The relative humidity and temperature does not appear to have affected the test results to cause the exponential drop in output capacity. In fact, for three of the pad types tested, the 20w/4n, the 12w/12n and the 6w/18n, the test conditions were similar: relative humidity between about 20% and about 35%, and temperatures in the upper 60's to mid 70's. In fact, the more extreme test conditions were for the all-nonwicking paper pad (more evaporation would be expected, making the test results even more surprising), and the test in which no pad was used. Therefore, the test conditions were reasonably similar and unlikely to cause the resulting unexpected exponential curve in output capacity between the various combinations tested.
The phenomena which caused the unexpected results shown in the graph of FIG. 3 are not fully understood, but the following hypothesis is put forward by the inventors to explain the cause of these unexpected results.
A nonwicking paper, such as the Kraft paper described herein, has a relatively low capillary rise. Because of this, water in the reservoir of a wick-up humidifier rises only a very short distance above the level of the reservoir in the nonwicking paper by capillary action. Therefore, the lower portion of the nonwicking paper layer disposed in the reservoir does not supply water to itself in the critical area of the pad above the reservoir which is exposed to the flow of air. However, because the surface of the nonwicking paper contacts the surface of adjacent wicking paper at many surface points, water can be transferred to the surface of the nonwicking paper layer from the surface contact points with the wetted wicking paper. Therefore, water transferred to the nonwicking paper layer by contact with a layer of wetted wicking paper only needs to be absorbed by the nonwicking paper sufficiently to readily wet the surface thereof.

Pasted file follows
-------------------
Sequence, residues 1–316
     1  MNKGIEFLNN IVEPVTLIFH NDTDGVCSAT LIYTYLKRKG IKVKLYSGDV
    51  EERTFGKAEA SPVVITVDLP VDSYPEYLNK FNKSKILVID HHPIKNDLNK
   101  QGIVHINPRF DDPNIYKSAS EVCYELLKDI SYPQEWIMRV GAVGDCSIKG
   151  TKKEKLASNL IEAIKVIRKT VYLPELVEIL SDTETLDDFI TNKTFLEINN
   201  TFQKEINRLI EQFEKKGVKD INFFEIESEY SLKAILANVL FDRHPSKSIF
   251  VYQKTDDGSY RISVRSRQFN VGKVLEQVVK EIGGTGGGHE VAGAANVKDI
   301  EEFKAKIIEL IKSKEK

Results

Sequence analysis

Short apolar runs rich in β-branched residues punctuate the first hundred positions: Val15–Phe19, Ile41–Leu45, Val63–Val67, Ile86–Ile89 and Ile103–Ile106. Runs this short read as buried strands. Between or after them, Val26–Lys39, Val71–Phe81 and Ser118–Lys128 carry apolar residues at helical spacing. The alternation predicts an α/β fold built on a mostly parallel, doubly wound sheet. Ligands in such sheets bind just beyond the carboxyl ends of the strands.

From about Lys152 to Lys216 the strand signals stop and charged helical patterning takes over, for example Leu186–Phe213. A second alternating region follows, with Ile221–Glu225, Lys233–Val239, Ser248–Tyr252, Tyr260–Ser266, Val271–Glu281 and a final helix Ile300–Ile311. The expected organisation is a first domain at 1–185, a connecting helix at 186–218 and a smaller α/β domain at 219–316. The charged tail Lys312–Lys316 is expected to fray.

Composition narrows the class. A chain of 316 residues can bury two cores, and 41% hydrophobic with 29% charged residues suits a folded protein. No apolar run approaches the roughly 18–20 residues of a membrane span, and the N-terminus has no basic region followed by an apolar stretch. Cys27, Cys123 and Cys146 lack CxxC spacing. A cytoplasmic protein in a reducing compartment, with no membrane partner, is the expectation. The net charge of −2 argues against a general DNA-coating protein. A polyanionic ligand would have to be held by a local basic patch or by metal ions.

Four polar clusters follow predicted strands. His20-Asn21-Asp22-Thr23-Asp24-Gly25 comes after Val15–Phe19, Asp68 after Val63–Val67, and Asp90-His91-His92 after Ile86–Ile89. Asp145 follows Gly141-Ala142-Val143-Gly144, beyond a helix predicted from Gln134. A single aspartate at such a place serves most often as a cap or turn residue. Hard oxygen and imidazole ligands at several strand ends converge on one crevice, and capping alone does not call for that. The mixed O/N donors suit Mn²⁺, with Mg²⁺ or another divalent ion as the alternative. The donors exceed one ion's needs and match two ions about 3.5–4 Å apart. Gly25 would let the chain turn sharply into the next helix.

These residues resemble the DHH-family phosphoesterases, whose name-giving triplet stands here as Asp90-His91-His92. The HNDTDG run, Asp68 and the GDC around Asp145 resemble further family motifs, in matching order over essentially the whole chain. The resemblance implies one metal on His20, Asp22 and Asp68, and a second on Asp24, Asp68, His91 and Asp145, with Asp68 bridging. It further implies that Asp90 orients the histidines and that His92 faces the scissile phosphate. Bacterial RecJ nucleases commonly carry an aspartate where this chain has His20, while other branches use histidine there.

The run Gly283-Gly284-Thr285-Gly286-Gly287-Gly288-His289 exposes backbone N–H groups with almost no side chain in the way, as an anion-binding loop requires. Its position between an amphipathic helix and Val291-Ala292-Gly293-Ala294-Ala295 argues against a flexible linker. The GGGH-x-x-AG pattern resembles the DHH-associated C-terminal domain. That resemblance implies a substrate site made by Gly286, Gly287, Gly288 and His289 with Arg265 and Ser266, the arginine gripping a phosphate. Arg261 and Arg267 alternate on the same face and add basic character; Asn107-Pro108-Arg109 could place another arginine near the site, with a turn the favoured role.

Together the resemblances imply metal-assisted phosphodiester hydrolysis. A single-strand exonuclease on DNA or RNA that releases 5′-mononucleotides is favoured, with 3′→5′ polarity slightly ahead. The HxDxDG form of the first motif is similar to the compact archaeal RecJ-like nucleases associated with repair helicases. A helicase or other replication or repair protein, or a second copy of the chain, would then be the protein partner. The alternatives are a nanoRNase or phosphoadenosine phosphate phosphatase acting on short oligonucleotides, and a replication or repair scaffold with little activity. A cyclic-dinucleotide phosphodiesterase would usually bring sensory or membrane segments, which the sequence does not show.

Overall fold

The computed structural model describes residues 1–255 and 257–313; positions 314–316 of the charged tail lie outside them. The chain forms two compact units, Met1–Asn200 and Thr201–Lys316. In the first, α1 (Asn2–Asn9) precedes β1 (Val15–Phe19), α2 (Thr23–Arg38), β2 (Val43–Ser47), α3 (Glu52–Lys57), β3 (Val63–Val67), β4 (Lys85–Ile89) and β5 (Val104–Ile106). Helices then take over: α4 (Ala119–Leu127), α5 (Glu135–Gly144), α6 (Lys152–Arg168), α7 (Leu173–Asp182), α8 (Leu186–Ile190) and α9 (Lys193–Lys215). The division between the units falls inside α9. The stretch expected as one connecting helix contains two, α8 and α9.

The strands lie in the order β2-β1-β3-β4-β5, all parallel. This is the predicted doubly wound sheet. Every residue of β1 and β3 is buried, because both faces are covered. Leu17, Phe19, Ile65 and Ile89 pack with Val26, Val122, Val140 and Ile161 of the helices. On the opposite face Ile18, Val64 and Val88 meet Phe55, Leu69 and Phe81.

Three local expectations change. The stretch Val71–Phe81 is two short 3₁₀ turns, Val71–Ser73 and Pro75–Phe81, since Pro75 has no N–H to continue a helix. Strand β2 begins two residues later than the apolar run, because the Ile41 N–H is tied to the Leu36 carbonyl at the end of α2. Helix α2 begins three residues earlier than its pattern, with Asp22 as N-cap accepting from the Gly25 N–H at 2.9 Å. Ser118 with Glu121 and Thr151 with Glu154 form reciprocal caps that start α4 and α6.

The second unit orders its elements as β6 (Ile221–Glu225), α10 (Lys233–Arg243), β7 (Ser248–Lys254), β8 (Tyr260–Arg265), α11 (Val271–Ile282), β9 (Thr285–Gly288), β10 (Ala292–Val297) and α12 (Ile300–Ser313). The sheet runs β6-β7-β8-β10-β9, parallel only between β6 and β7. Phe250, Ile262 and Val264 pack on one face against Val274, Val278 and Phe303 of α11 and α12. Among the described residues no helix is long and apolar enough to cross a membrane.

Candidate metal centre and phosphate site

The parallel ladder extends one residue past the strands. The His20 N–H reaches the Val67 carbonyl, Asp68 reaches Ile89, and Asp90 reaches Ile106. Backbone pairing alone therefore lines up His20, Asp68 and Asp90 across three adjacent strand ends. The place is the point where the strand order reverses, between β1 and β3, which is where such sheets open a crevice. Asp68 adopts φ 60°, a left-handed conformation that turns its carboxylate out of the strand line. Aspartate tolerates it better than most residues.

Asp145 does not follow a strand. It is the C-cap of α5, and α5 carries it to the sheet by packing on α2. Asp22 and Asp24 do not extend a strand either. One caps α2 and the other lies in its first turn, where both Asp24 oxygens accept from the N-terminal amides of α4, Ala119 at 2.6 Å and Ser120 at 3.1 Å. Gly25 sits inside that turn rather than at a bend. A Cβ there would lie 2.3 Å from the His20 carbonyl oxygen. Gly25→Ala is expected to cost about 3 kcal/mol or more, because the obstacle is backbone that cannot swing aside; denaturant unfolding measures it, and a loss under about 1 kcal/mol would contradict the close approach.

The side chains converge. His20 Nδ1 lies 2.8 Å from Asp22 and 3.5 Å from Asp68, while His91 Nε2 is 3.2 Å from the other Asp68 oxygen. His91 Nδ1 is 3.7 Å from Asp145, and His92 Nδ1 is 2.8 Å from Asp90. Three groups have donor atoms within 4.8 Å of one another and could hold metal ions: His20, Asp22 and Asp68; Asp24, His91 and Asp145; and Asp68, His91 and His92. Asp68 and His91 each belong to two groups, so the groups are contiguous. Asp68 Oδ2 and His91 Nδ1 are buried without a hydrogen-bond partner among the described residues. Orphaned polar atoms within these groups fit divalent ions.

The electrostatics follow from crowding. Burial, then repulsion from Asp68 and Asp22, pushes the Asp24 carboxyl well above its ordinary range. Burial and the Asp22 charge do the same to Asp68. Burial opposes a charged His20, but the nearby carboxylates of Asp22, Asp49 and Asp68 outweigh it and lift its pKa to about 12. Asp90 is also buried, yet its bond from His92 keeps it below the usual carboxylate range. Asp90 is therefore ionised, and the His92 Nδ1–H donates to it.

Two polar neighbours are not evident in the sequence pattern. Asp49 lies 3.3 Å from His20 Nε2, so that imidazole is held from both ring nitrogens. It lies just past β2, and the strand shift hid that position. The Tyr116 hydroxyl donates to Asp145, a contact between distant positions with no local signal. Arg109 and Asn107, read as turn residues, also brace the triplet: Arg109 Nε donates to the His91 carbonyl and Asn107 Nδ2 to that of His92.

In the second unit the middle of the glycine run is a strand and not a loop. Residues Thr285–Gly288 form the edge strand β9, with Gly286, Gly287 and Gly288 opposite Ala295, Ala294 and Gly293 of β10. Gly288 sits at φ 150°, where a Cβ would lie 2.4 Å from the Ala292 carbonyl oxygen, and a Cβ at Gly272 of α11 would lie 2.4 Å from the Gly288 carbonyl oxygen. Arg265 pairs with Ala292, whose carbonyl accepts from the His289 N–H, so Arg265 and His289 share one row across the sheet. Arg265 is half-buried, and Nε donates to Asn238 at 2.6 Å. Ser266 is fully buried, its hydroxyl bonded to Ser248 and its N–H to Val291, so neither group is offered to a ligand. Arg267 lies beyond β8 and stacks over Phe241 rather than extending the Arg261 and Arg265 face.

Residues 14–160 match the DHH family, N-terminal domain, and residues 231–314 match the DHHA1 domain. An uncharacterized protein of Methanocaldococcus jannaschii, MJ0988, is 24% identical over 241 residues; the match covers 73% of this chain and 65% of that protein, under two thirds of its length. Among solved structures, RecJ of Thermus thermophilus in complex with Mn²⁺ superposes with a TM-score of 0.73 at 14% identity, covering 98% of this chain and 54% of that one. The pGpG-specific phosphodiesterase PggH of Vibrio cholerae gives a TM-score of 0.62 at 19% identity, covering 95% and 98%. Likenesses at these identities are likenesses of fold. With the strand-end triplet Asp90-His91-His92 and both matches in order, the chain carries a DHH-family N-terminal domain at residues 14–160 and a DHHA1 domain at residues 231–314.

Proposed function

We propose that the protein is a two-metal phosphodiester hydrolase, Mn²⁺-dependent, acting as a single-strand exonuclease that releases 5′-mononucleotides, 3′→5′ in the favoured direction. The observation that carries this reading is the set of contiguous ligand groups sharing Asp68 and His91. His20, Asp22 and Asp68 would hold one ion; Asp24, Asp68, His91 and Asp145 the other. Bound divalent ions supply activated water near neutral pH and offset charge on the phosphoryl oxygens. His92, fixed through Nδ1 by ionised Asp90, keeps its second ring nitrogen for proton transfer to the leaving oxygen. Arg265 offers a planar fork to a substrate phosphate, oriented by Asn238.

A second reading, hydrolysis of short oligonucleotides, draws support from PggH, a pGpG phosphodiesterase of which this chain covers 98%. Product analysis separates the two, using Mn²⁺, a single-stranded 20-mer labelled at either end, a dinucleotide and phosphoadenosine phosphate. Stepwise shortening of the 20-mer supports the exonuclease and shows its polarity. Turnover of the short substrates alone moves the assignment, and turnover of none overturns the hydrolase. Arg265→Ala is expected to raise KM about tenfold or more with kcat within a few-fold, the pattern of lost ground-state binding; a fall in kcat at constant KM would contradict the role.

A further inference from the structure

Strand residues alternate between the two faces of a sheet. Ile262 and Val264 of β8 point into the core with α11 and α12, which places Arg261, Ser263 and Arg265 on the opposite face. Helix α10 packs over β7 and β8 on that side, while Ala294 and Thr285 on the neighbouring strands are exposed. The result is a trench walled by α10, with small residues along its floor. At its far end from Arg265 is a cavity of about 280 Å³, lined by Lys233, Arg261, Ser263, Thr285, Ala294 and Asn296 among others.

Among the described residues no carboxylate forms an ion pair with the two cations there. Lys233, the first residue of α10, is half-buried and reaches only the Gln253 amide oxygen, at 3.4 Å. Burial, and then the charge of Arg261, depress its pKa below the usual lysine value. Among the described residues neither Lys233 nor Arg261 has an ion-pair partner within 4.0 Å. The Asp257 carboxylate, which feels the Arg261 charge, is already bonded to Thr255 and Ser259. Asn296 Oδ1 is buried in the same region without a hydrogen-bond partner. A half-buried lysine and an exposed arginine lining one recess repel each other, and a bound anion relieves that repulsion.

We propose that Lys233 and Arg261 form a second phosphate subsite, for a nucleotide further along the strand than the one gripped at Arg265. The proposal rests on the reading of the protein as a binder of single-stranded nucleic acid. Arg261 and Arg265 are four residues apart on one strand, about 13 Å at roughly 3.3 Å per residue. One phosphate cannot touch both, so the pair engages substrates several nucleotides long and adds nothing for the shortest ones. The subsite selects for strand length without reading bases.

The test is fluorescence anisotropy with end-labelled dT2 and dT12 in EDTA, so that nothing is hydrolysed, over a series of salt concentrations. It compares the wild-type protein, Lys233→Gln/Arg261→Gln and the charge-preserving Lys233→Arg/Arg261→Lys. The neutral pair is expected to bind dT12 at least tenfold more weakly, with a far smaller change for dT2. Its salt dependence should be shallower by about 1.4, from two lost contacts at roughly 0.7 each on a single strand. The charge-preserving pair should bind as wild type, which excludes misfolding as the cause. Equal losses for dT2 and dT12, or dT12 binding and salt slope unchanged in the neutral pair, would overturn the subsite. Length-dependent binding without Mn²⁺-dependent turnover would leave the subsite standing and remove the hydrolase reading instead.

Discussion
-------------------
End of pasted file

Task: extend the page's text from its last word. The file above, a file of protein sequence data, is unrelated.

Although the nonwicking paper is not nearly as absorbent as the wicking paper, it is absorbent enough to be readily wettable on and/or near its surface by contact with the wetted wicking paper. Therefore, this wetted surface of the nonwicking paper provides essentially the same surface area of a wicking paper layer exposed to the flow of air. Therefore, as long as the wicking paper remains sufficiently wetted via its high capillary rise characteristic, it functions to supply water from the reservoir for evaporation from its own surface as well as to continuously wet an adjacent surface of a layer of nonwicking paper.
Depending upon the design considerations, including the volume of air forced through the pad, and rate of evaporation from the layers, it is theorized that any excess capacity of the wicking paper to maintain an adequate degree of wettness via the high Klemm value is available to be transferred to the surface of the nonwicking paper. Therefore, the nonwicking paper functions to draw off some of this excess capacity from the wicking paper by the transfer of water to its surface area from which an additional volume of water is readily exposed to evaporation. That is, water absorbed by the wicking layers is removed therefrom via two phenomena. One phenomenon is evaporation and the other is the physical transfer by contact with the nonwicking layer.